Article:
The numbers say "yes," adding weight to last year's benchmarking survey.
Does productive efficiency help determine an electric utility's prospects in regulated or competitive markets? Is productive efficiency a better marker of real-world success than simple financial attributes, such as cash flow, dividend ratio or operating income?
In unregulated markets, higher productivity translates directly into relative declines in costs and prices, and by extension, greater ability to compete and prosper.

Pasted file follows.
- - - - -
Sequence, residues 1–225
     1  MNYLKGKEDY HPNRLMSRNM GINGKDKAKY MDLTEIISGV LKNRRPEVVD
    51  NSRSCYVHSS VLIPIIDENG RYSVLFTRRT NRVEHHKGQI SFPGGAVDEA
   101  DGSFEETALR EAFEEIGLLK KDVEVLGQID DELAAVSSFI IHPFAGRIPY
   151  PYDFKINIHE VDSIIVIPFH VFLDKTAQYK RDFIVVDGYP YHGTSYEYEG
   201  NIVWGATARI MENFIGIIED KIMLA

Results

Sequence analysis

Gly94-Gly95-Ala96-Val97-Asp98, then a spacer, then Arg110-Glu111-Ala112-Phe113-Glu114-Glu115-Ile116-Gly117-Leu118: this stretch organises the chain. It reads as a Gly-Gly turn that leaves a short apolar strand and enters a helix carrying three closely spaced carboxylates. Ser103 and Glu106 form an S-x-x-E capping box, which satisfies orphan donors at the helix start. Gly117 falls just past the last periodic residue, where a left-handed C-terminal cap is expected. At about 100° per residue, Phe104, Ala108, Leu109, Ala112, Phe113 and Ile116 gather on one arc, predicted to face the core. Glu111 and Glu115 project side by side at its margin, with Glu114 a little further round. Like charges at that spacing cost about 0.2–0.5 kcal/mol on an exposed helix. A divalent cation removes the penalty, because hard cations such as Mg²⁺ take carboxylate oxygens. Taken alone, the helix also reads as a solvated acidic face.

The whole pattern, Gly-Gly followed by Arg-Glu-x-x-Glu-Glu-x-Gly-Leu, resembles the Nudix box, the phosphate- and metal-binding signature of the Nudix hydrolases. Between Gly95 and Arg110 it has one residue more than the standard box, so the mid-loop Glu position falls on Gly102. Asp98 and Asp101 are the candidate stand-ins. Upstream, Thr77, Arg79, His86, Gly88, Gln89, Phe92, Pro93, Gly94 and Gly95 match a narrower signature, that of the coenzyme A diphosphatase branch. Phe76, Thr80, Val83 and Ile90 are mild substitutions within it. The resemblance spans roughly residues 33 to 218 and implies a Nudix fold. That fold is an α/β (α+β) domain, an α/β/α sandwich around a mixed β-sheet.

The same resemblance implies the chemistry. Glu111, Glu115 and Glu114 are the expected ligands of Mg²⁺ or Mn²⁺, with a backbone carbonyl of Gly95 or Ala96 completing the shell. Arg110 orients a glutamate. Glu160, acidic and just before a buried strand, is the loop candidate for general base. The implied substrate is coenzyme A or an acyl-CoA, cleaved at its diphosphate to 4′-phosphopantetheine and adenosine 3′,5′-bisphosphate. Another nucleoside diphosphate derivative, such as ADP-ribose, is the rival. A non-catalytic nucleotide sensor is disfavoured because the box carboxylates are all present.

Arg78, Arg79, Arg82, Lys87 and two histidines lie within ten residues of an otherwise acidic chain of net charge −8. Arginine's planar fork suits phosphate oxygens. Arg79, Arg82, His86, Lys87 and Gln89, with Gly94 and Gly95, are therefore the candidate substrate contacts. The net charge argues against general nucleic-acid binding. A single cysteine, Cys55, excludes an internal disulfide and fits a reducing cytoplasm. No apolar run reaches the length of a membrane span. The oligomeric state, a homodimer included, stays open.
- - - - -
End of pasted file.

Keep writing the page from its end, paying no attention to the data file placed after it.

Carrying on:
Dean Maschoff, James Pardikes, David Thompson, Michael Rutkowski, and Nainish Gupta
Sales prices for power generation assets in the United States during the past two years have climbed to unprecedented levels. This trend should continue. More than 20,000 megawatts of generation assets have been sold, with another 20,000 MW announced. During the next five years, it is expected that 70,000 to 140,000 MW will change hands. We have seen only the beginning of a massive redistribution of generation assets - from regulated utilities to unregulated marketers and plant operators.
In fact, the prices we've seen for generation assets may turn out to be bargains.
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